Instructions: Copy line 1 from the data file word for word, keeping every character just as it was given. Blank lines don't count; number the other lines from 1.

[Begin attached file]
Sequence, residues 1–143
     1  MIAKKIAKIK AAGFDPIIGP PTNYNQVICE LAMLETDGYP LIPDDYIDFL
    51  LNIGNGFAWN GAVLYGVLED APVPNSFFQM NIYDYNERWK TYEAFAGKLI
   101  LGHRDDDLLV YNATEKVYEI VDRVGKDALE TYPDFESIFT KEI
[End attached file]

Sequence, residues 1–143